Style marries kitsch in this brilliantly arranged and mixed desi number Chingam Chabake, with Shankar Mahadevan simply killing it with his vocals here, accompanied well by Shalmali Kholgade, who sound quite interesting together in all honesty. Vishal and Shekhar know their desi real well, and this is how they can combine together an interesting fusion of high voltage dholak beats with the flamenco guitar blending in pretty well in the background. Anvita Dutt writes lyrics that are a zany combination of naughty and cute, and hearing Mahadevan and Kholgade bring them to life in their free-spirited vocals is like quite a different thing altogether. The interesting twist in composition before the second stanza adds to the overall fun in the hearing process. The climactic moments of the song, consisting of the mukhda, features a contemporary melodic end, mixed with a firm vision that comes to life here. Reappearing in Kiran Kamath’s remixed version, the song brings in a heavy-handed dance version with a really mild rustic reggae-meets-the-Middle-East flavor hovering in the background.

All through a hattrick of breathless chartbusters back-to-back, one looks for that thehraav the album can bring the listener, and this is where Naina makes its magical entry. Right from the start of the beats through the appearance of the string-driven piece in its prelude, this is a dreamy, calm track that deservedly takes the cake as the winner of the album. Bringing back fond memories of Vishal-Shekhar’s Falak Tak (Tashan) and Jaane Hai Who Kahaan (Honeymoon Travels Pvt. Ltd.), Naina is a heartfelt track helmed by Kamaal Khan’s passionate semi-classical vocals and Neeti Mohan’s calming croons. The use of dholaks are prominent in the beats of this track, but the mixing is what makes the track a well-balanced composition, what with each layer of every instrument sample (guitars, dreamy pads, percs, strings and the lovable cameo of the accordion) given it’s own chance for the listener to notice and indulge. Kausar Munir’s lyrics give one more of an excuse to let go and delve deep down. Kamaal Khan (at the risk of repeating myself here) brings his passion to the fore of this song, effectively enveloping the listeners in the very emotion of the song. The entry of Neeti Mohan is armed with perfect timing and makes the listener feel surreal. Vishal and Shekhar’s composition pulls the right heartstrings here. This writer has always held on to his opinion that the duo’s strength lies in making some of the best Hindi romantic ballads in the Industry, and this track continues to fuel the credibility of the statement.

Looking for some light-hearted fun? Dil Duffer is just the kind of track for you. Reminiscent of Anjaana Anjaani’s Tumse Hi Tumse and Jab Mila Tu from I Hate Luv Storys, Vishal and Shekhar bring the listener something as fluffy and light as a cream cracker. The composition is an eclectic fusion of acoustic guitar, a dash of accordions, a whole lot of groovy beats, armed with a fantastic bassline. This track is just the kind that’s playable in long drives over the weekends. The lyrics are lightweight and frothy enough to be enjoyed well. Having a romantic underscore through and through, the writing is smart and relatable with the younger crowd, or simply those looking for a fun track to tap their feet to. Surely not the powerhouse track of the album, Dil Duffer, however, stands out pretty well individually.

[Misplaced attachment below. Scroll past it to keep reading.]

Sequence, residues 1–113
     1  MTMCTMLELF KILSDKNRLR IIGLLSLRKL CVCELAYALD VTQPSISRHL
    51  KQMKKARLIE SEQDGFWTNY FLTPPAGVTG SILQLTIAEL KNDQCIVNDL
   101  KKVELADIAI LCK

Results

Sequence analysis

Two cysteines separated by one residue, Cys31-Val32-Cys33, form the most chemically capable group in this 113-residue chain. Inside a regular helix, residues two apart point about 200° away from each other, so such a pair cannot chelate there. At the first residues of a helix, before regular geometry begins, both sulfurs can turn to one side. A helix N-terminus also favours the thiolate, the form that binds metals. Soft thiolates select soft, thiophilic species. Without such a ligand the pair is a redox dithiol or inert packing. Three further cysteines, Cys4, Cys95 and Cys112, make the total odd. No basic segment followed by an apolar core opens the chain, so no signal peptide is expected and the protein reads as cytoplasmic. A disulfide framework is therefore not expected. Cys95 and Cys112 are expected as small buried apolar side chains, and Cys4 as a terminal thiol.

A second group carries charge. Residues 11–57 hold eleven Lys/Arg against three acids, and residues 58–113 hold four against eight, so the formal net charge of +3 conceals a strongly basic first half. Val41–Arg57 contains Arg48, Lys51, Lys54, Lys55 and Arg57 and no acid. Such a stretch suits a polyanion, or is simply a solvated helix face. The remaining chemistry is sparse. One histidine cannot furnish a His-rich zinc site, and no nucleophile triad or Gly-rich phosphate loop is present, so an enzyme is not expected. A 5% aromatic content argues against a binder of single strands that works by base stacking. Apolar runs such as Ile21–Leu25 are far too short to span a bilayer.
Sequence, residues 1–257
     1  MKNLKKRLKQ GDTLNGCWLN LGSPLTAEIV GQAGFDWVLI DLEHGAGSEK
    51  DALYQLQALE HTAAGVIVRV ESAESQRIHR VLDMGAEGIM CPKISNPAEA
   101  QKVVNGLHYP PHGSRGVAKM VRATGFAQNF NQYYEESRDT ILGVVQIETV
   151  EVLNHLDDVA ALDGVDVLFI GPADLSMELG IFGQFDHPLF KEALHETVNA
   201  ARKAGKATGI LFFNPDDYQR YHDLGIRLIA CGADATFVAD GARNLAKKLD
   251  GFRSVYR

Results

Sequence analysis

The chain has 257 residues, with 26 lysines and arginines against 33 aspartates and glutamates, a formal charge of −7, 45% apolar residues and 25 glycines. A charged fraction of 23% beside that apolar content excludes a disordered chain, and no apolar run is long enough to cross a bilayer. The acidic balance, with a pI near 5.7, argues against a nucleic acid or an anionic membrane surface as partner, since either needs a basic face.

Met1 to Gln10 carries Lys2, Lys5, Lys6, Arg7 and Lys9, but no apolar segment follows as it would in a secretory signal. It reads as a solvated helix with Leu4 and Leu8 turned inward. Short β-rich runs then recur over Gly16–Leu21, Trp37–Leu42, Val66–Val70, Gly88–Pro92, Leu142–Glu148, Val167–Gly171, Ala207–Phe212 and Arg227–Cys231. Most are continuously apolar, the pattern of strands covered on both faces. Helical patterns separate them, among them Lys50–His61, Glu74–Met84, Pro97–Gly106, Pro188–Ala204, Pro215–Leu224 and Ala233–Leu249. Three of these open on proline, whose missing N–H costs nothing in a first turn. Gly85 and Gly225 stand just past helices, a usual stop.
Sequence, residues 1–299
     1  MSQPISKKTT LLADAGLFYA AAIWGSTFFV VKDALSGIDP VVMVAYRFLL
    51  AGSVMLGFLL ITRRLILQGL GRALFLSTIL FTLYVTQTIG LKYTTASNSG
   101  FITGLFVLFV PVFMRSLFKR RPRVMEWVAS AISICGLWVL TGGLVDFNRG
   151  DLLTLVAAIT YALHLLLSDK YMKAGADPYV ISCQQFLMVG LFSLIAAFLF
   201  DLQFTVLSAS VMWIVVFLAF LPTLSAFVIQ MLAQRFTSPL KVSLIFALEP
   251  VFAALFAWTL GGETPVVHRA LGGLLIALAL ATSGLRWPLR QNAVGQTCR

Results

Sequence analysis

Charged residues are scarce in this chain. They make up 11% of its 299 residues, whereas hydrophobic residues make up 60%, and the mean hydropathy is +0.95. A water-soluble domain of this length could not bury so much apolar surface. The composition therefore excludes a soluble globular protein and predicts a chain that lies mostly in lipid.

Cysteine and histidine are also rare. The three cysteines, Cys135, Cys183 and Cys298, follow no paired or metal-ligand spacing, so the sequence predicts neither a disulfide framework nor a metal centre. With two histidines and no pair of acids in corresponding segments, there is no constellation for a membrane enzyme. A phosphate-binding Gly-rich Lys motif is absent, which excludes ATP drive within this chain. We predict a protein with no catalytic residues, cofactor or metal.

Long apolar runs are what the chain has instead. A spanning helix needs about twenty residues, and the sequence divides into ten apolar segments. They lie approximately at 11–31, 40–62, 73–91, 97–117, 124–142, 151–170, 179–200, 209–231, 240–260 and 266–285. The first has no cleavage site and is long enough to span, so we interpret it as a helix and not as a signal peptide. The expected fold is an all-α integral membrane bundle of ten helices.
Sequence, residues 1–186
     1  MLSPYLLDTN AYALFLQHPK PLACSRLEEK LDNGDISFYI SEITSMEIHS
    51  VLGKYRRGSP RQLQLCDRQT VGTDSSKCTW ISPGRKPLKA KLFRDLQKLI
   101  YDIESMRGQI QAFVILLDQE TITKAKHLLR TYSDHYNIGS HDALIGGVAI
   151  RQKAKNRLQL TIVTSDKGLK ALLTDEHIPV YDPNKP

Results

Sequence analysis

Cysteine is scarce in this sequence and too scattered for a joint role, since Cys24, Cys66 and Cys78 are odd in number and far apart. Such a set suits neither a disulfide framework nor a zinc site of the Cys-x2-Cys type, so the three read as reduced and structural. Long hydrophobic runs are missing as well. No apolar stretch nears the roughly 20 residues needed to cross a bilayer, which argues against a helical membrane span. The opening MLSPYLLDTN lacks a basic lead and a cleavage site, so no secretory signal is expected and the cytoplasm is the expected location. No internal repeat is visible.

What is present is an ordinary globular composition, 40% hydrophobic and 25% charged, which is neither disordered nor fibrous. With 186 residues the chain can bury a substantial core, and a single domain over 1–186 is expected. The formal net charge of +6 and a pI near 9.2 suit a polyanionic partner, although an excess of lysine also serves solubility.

As soon as the last original track of the album kickstarts, the listener is made to listen a situational that would amplify it’s impact only in the proceedings of the movie. Another amicable track, this one should be one of the slightly weaker tracks of the album. Should the visuals of the movie complement the track, this may just be a successful track. Moto Ghotalo, however, appeals to niche audiences and niche moods, and may just not raise itself to the standards the album has set already. Sukhwinder Singh and Sanah Moidutty do lend fantastic support to the song howsoever. The reaction to this particular track must, however, be kept to oneself till the release of the film.

Moto Ghotalo, however, does not close the album; the soundtrack closes with a mashup of all the songs by Kiran Kamath. While this move is predictable and a good marketing gimmick (unstoppable airplay potential), this album didn’t really need a mashup per se. For a highly commercial soundtrack with one-dimensional songs to include a mashup would be a smart move. Including one here, however, makes it quite redundant, listening-wise. This, howsoever, is a raging trend for the laymen and will definitely work over extensive airplay and inclusions in the everyday sets of local Bollywood DJs.

Gori Tere Pyaar Mein, as a whole, is one album that agreeably has something for everyone. From a stylish dance number to a lazy day track, all the way to some pumped up hardcore desi singles, this is a nice little commercial album that will warrant a good amount of repeat hearings. Vishal and Shekhar have redeemed themselves from a relatively average soundtrack to Chennai Express, what with the abundance of nauseatingly marketed situational tracks eclipsing a couple of rather good finds. This album, however, has tracks that are not just highly marketable material, but also have some superbly composed and produced pieces within them.

Worth a spin, and some more!